Example

Regardless of all the other tax rules that apply, here’s a quick and easy example to think about in regards to the three targets.

You sell a property for $500k paying off $300k in mortgage and receiving $200k in cash equity at closing after selling expenses. Thus, for full deferment of taxes, the replacement property value must be greater than or equal to $500k. Then, $300k or more must be put forward as debt replacement in either the form of a new mortgage or excess cash brought to the table. Finally, the $200k cash equity must be put toward the exchange. And remember, of the three replacement targets that is not greater than or equal to the relinquished values, the one target that is furthest from its target value will be taxed. This is called a partial exchange and may fit within your needs.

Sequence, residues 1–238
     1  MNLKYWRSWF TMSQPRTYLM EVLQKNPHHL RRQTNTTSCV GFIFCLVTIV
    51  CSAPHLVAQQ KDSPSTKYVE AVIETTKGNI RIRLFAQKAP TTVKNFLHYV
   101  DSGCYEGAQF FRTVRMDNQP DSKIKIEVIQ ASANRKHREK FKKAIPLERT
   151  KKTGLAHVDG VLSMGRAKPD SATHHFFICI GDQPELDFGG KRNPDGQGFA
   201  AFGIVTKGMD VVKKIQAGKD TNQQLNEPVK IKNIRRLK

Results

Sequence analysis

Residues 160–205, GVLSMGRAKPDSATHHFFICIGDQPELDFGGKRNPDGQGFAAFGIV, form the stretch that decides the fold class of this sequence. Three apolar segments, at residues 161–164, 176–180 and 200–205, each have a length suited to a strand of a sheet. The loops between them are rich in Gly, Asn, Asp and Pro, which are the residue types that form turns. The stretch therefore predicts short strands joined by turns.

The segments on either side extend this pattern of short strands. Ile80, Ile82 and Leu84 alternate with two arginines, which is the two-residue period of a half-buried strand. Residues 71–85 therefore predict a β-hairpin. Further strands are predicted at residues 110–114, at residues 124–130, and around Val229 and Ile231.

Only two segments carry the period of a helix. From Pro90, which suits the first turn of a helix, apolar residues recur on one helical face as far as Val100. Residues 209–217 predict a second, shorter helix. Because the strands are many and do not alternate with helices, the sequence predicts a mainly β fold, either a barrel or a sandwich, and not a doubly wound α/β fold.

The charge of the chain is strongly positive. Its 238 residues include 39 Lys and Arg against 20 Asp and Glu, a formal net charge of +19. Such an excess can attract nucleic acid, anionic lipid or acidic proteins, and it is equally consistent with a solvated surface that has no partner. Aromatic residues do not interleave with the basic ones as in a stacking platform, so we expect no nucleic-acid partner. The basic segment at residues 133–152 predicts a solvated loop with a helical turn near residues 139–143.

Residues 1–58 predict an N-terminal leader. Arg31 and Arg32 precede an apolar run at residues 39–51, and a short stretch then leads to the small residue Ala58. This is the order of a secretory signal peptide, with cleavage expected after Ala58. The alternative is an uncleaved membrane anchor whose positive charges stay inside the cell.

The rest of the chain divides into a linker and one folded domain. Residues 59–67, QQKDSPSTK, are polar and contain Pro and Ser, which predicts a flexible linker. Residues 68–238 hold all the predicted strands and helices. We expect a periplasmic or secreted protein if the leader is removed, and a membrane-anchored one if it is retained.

Partial Exchange

A partial exchange, as seen above, may be within your financial goals. It might be worth it to you to take out $50k cash equity of the $200k from the relinquished property in order to make other use of that $50k. Just know that you will be paying taxes on that amount. Otherwise, if the other targets are met, that is the only tax you will pay and you can go forward with the exchange. For many people this is a great form of getting a little cash and still deferring most of their taxes.

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Key #4 to Success in 1031 Exchanges – Valid Exchange


The fourth key to success in 1031 exchanges is to make sure an actual exchange takes place. Tax-deferred exchanges differ from a sale and a purchase in several important ways. Listed below are the distinguishing characteristics of an exchange and how they differ from separate purchase and sale transactions.